I think the widespread knowledge of the VAX architecture along with the number of BSD systems on the Internet led to it being the target of the first malicious buffer overflow exploit. Building a worm to target a handful of systems wouldn’t have been nearly as much fun, and BSD and the VAX had hit a critical mass on the Internet. More general Unix flaws (e.g., trust relationships by the “r” utilities) were also exploited by the worm but the VAX buffer overflow exploit was the only such flaw the author chose to target or had enough familiarity to create.

With this lone exception, any further exploitation of buffer overflows remained quite secret. Sun workstations and servers running 68k and then SPARC processors became the Internet host of choice by the 1990’s. However, there was significant fragmentation with many hosts running IRIX on SGI MIPS, IBM AIX on RT and RS, and HP-UX on PA-RISC. Even though Linux and the various BSD distributions had been launched, they were mostly used for hobbyists as client PCs, not servers.

Meanwhile, a network security community had developed around mailing lists such as Bugtraq and Zardoz. Most members were sysadmins and hackers, and few vendors actively participated (Sun was a notable exception). Exploits and fixes/workarounds were regularly published, most of them targeting logic flaws such as race conditions or file descriptor leakage across trust domains. (On a side note, I find it amusing that any debate about full disclosure back then usually involved how many days someone should wait between notifying the vendor and publishing an exploit, not advisory. Perhaps we should be talking in those same terms today.)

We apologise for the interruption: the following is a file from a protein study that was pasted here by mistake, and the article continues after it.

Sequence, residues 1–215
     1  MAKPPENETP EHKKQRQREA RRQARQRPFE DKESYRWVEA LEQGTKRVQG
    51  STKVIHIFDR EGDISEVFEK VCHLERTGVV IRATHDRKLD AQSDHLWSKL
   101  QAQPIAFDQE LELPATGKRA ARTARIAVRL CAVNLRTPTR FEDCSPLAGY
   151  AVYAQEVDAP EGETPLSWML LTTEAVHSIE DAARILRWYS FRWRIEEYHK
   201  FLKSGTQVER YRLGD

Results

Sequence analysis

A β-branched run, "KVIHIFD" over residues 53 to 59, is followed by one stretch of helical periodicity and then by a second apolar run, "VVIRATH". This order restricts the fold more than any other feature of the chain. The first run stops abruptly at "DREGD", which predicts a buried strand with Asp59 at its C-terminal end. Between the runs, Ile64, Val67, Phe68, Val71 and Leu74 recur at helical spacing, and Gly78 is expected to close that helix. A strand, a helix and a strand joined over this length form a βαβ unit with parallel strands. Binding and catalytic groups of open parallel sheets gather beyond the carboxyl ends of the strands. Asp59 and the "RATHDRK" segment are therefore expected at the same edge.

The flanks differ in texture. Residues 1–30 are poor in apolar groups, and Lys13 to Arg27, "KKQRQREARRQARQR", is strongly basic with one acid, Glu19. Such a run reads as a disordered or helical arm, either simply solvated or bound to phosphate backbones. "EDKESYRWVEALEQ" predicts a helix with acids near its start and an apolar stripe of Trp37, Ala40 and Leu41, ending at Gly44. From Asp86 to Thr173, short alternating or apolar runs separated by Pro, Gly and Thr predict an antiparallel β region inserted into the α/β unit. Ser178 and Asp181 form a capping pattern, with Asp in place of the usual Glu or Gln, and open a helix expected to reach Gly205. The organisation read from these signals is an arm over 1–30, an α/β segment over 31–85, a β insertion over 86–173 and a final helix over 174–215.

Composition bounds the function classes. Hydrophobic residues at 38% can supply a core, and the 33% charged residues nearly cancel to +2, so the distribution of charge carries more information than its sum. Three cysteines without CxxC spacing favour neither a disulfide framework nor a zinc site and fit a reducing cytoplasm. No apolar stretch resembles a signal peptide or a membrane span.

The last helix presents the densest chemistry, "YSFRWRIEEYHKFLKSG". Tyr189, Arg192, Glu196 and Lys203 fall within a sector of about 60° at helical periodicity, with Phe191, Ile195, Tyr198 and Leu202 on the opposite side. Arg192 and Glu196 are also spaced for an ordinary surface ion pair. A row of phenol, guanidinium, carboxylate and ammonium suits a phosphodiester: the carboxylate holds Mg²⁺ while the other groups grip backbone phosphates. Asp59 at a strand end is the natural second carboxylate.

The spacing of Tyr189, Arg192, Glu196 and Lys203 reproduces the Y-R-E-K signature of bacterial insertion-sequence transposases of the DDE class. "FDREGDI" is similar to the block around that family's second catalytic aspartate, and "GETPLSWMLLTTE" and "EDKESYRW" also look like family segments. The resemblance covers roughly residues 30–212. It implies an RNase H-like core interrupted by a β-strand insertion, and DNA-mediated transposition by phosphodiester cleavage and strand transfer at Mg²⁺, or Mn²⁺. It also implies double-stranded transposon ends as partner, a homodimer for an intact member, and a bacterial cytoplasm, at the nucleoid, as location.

In 1995, the various buffer overflow exploits published were only for non-x86 systems (SunOS and HP-UX, in particular). Such systems were still the most prevalent servers on the Internet. The network security community was focused on this kind of “big iron” with few exploits published for open-source Unix systems or Windows, which was almost exclusively a client OS. This changed with the splitvt exploit for Linux on x86, although it took a year until the real impact of this change appeared.